Then I gave it a warmer sepia tone using Hue/Saturation on colorize.

    But I couldn't resist going further, so I colored her. I thought the dress looked like taffeta or silk or something and I just had to give it some sparkle...
    Attached Files

    Comment


    • #3
      Jak... You do such nice work.

      And I learned something here. Although I usually use a soft brush for cloning, it's normally at 100%. Appreciate that pointer.

      ~Danny~

      Comment


      • #4
        Thank ya, Danny....

        Comment


        • #5
          I agree... Jak does great work. And using the cloning tool at less than 100% usually makes a great deal of difference. If others are reading this, and you usually use 100%, try using 50% or even lower if you have trouble with track marks. The soft brush also makes things much easier.

          Ed

          Comment


          • #6
            Jak,

            Thanks for the great info. I won't be able to get back to it for a few days, but I'll have a lot to work on. I have two more sisters with similar problems.

            Alan

            Comment


            • #7
              Airubin I think you did a great job yourself on the photo. Its got a nice light Sepia tone to it which I think you should try to maintain.

              I played a bit with it, only adding a 10% ApplyImage/Overlay in Photoshop. It brought back a bit detail and depth to the hair without over saturating the picture.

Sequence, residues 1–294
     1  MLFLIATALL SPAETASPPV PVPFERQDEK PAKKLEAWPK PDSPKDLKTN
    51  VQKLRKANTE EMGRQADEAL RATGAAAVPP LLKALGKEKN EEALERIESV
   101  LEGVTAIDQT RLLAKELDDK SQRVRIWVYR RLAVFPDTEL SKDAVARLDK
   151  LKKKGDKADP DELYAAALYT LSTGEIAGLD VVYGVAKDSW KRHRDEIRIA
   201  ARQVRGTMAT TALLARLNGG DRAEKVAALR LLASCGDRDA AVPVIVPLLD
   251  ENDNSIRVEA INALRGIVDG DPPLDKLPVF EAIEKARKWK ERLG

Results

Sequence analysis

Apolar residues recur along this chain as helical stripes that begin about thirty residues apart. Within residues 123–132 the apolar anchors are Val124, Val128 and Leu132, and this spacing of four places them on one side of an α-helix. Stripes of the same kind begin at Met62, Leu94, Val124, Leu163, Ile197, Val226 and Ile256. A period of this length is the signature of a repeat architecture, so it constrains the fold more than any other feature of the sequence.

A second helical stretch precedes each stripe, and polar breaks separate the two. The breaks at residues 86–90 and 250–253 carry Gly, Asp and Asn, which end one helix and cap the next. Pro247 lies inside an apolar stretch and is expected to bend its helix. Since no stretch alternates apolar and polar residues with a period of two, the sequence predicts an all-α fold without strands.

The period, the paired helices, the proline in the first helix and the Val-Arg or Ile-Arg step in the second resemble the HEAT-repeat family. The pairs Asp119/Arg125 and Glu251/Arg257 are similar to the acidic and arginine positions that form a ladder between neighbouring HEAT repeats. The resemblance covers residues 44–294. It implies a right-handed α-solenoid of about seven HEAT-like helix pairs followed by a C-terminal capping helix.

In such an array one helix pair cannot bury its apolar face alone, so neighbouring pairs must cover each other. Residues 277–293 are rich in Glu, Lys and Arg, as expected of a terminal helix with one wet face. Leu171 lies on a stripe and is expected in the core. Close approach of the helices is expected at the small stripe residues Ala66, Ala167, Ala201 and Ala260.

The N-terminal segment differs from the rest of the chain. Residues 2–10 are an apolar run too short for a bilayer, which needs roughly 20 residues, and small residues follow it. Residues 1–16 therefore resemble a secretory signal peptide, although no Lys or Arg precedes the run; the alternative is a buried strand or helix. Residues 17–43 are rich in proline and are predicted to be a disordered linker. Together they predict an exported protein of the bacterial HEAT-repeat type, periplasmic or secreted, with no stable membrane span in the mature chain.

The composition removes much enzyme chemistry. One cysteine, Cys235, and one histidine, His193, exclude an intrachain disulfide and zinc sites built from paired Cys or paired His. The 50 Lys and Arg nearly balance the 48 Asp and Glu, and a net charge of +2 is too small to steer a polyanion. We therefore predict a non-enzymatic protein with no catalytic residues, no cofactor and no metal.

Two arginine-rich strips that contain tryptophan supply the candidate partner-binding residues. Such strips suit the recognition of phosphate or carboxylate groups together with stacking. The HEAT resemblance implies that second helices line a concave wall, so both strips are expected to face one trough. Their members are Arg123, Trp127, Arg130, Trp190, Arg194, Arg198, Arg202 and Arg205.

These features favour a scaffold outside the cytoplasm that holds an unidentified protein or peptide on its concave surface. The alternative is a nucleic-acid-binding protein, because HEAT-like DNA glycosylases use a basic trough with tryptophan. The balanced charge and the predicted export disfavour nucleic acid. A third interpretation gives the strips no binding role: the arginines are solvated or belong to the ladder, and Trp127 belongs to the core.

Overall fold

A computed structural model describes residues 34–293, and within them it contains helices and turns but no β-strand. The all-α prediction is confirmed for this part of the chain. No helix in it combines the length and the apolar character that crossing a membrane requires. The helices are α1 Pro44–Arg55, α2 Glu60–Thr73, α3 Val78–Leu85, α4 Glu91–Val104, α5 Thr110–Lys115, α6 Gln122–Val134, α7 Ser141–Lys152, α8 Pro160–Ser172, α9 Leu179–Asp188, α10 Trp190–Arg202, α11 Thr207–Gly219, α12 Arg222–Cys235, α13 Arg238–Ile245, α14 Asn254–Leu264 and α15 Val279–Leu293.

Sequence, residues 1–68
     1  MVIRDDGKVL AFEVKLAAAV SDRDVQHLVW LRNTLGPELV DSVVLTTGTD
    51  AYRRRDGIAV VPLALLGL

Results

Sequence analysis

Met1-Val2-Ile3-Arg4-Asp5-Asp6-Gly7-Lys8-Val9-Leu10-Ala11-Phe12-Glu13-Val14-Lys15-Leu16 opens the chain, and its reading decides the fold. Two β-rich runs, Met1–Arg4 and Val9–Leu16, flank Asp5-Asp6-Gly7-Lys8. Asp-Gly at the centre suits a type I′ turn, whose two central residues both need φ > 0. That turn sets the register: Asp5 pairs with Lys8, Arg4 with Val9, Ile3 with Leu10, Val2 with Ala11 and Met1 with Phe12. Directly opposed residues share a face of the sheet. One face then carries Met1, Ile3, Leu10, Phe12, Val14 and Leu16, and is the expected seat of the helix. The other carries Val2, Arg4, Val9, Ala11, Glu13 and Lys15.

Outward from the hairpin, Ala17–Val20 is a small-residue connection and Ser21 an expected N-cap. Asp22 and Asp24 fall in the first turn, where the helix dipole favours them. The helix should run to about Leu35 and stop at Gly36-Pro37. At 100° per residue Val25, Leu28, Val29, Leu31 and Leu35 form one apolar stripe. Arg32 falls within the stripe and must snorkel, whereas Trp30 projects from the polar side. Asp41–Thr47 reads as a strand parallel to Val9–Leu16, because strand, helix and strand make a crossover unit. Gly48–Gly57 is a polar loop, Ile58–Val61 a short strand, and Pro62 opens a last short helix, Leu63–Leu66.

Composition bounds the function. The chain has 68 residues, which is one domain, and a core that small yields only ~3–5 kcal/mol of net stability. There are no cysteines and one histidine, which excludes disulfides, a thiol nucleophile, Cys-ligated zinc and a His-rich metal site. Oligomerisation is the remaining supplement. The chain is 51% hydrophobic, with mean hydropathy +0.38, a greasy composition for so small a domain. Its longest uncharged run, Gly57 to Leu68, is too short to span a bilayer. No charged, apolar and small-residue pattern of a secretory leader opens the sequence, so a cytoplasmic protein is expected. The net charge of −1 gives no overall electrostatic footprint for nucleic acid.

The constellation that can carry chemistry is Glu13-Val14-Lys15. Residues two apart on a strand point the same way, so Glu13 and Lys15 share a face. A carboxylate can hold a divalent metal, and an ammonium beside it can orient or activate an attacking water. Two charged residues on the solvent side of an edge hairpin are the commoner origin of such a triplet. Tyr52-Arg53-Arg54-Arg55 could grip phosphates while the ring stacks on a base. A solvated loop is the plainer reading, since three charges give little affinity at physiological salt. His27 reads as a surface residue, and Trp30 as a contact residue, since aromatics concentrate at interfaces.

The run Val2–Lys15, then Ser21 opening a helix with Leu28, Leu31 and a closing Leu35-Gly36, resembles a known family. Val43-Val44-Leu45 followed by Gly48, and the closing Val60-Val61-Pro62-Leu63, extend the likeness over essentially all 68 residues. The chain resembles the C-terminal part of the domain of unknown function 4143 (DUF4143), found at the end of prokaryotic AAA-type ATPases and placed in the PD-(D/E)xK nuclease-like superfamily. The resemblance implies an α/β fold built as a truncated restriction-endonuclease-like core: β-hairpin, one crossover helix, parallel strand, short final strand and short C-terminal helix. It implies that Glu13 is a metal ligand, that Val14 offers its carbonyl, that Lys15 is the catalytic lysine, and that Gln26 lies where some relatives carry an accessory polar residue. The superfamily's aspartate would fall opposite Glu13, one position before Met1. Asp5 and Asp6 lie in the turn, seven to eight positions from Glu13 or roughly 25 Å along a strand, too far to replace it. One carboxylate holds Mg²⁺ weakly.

Comment


              • #8
                Jak, why desaturate instead of using channels?


                Bob

                Comment


                • #9
                  Jak.
                  great tip about the cloning brush set at 50% opacity. I also use a soft brush but like Danny I rarely think of changing it for 100%. I'm going to remember this tip I'm sure it will become very useful.
                  Oh by the way, you did a wonderful job on the photo. Very impressive.

                  Comment


                  • #10
                    Well whilst loads of help has come your way and others have trod the path I add my effort - although my quadtone rather hid the blouse my technique was to make a selection of the top and feather it by 1 pixel, then I made a new layer adjustment for levels and pumped up the gamma so I could see the all the shading in the black, it turned out fairly blocky with artifacts, so I used the smudge tool to blend the areas together, with the selection still active I added noise back into the blouse.

                    I might also add, that I would be tempted to crop the photo where her shoulder slope ends, mainly because the composition as is looks slightly as if she has no arms.

                    I cleaned up background using the patch tool, ran an unsharpen mask twice and then converted it to quadtone. also forgot to mention i discarded the levels adjustment layer